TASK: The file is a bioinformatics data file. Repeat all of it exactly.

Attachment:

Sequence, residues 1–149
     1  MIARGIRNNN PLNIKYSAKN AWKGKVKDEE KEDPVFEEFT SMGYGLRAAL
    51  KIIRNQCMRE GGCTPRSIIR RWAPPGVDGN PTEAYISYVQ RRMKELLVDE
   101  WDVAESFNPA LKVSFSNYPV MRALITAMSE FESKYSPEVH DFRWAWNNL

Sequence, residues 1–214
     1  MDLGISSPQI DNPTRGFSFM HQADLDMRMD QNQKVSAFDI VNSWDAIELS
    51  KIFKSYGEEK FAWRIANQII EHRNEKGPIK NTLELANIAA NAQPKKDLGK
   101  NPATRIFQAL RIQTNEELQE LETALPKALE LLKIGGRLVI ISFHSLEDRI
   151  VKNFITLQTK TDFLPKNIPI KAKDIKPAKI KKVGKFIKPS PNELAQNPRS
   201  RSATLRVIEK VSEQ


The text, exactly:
Sequence, residues 1–149
     1  MIARGIRNNN PLNIKYSAKN AWKGKVKDEE KEDPVFEEFT SMGYGLRAAL
    51  KIIRNQCMRE GGCTPRSIIR RWAPPGVDGN PTEAYISYVQ RRMKELLVDE
   101  WDVAESFNPA LKVSFSNYPV MRALITAMSE FESKYSPEVH DFRWAWNNL

Sequence, residues 1–214
     1  MDLGISSPQI DNPTRGFSFM HQADLDMRMD QNQKVSAFDI VNSWDAIELS
    51  KIFKSYGEEK FAWRIANQII EHRNEKGPIK NTLELANIAA NAQPKKDLGK
   101  NPATRIFQAL RIQTNEELQE LETALPKALE LLKIGGRLVI ISFHSLEDRI
   151  VKNFITLQTK TDFLPKNIPI KAKDIKPAKI KKVGKFIKPS PNELAQNPRS
   201  RSATLRVIEK VSEQ